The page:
• SkiJaySkiJay Posts: 2,314 Mega Baller
    @jimbrake Great description of what I too am feeling with the rear leg on my off-side. Discovering this was a revelation, and a big step forward in my efforts to be stacked out of the off-side ball.
    www.FinWhispering.com ... Your ski should be your dance partner, not a wrestling opponent
  • ralral Posts: 2,015 Mega Baller
    @Than_Bogan, I have, and IMHO just by itself, it does not work. I am now a firm believer that things like looking to specific places like the pylon or the shore, or moving the palm with the handle up or down might work for some people because they generate for them other behaviors (If you manage to understand what I am trying to say...). Some people swear that looking to the bottom of the lake at the turn and to the pylon when approaching the wake result on shoulders to be level. I can look at these places from 2 to 3 with my shoulders and head tilted 45 degrees towards 3... Other stuff works for me that might not work for someone else. A good coach will find out what works for each skier. Leveled shoulders is the goal for my offside. When I do it (not that often...) life is early and easy.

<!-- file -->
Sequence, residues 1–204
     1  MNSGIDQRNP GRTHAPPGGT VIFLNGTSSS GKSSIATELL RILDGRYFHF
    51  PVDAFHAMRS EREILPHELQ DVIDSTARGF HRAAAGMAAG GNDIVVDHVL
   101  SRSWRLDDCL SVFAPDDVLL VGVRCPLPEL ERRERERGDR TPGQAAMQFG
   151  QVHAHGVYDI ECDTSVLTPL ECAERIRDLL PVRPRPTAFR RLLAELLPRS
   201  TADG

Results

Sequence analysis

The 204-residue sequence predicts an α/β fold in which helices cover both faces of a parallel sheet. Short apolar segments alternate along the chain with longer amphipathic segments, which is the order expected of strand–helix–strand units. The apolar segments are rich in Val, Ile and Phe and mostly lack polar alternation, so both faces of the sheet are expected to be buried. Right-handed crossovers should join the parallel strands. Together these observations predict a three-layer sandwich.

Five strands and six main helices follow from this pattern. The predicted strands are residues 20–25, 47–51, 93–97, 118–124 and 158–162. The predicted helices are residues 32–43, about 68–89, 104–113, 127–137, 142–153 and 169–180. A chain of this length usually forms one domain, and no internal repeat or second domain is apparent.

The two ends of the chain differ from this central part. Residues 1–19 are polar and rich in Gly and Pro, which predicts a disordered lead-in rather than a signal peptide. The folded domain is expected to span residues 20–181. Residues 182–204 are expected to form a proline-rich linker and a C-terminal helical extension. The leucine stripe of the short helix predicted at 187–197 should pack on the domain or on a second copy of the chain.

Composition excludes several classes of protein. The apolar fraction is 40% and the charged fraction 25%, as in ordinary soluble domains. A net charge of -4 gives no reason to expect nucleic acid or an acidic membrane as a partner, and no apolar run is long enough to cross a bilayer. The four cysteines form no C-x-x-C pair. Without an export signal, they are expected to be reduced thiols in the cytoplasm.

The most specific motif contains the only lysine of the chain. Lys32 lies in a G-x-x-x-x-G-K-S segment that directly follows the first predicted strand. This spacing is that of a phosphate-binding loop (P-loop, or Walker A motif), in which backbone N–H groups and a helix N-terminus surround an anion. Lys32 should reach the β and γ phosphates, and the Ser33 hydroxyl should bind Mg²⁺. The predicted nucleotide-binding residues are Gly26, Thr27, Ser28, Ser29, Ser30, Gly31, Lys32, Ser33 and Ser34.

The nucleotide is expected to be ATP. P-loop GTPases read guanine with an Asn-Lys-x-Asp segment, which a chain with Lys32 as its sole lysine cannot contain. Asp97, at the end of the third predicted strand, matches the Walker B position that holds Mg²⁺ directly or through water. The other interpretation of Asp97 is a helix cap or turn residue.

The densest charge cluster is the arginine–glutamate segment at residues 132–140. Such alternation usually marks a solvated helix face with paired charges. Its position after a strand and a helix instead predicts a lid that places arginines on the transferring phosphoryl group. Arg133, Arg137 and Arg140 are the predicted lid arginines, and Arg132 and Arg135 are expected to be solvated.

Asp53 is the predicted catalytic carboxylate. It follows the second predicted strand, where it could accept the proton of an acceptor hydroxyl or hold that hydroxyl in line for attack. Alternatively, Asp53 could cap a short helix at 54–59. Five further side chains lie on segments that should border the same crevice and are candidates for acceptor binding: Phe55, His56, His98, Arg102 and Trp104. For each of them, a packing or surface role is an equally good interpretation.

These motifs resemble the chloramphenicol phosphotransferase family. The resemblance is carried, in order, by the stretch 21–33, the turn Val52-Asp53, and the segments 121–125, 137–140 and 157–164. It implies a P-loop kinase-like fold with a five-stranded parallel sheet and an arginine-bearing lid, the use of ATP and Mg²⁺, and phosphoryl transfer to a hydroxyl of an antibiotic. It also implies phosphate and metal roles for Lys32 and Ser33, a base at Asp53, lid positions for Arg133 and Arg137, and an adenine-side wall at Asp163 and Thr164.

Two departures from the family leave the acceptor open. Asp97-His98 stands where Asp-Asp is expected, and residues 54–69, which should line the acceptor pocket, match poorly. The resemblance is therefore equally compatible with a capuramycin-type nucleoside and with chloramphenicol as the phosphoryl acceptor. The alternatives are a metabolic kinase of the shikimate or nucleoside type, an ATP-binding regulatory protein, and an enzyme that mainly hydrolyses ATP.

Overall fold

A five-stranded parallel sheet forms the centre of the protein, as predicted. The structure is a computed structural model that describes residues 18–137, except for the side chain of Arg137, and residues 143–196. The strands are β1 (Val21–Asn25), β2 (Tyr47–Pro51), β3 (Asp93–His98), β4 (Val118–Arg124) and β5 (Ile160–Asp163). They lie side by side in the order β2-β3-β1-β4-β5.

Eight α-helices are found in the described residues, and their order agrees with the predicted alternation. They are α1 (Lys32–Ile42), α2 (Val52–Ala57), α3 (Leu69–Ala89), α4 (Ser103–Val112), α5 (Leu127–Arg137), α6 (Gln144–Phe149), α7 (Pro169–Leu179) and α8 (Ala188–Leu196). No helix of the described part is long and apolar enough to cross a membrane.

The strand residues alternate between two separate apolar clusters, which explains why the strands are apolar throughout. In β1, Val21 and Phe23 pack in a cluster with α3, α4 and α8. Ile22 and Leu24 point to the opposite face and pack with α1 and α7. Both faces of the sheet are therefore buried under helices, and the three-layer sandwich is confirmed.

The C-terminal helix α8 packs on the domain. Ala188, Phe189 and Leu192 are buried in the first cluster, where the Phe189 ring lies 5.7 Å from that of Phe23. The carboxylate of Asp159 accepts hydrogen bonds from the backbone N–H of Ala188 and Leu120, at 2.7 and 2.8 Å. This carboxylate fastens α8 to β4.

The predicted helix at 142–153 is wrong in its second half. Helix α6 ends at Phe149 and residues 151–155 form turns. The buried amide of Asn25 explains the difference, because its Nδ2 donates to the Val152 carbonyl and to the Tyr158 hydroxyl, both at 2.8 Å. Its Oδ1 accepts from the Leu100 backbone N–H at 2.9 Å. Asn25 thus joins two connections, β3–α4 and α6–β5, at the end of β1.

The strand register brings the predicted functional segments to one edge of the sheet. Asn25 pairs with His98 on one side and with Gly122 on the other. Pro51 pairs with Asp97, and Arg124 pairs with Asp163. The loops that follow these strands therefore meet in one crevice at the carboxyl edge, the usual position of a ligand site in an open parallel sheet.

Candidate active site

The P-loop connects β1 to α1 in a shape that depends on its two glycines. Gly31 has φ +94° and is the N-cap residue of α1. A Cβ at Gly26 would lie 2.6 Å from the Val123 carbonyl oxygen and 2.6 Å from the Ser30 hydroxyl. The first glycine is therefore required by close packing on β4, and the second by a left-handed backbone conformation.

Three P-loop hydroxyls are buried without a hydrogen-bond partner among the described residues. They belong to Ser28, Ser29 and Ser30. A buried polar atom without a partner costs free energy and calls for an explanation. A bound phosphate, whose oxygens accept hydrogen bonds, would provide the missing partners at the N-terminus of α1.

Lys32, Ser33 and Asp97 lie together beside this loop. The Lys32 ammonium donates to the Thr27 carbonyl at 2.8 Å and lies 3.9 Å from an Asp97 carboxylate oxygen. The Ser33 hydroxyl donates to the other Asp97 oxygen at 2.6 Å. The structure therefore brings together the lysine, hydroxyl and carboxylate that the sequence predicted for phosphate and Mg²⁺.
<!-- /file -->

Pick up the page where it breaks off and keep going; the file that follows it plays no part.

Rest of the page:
As @OB, coaches do no even mention 1-3-5 to me (onside).
    Rodrigo Andai
  • MarcoMarco Posts: 1,431 Crazy Baller
    edited April 2013
    We use the palm up concept in coaching to try to break the habit of someone reaching down at the buoy. While palm up is not necessarily how you want to reach as a matter of practice, it does make it akward to reach down/dip shoulder, at the buoy. Thinking about your palm position is a lot easier than thinking level shoulders for less experienced skiers.
  • OTFOTF Posts: 416 Crazy Baller
    @wish i do way better crashes on my off side......lol hence the user name. Are we going to be skiing you again this summer??? Hope so. OTF
  • WishWish Posts: 8,547 ★★★Triple Panda Award Recipient ★★★
    @OTF- 100% YES!! Will be sneaking into your regionals later in the season as well. Looking forward to it. !!
    >>> 11.25..a different kettle of fish. <<<
  • WishWish Posts: 8,547 ★★★Triple Panda Award Recipient ★★★
    edited April 2013
    Actually at Bogarts in Apple Valley MN right now. I raise my beer with my thumb low on the glass on the right with a higher glass grip when drinking from the off side (left handed) . Never noticed that before.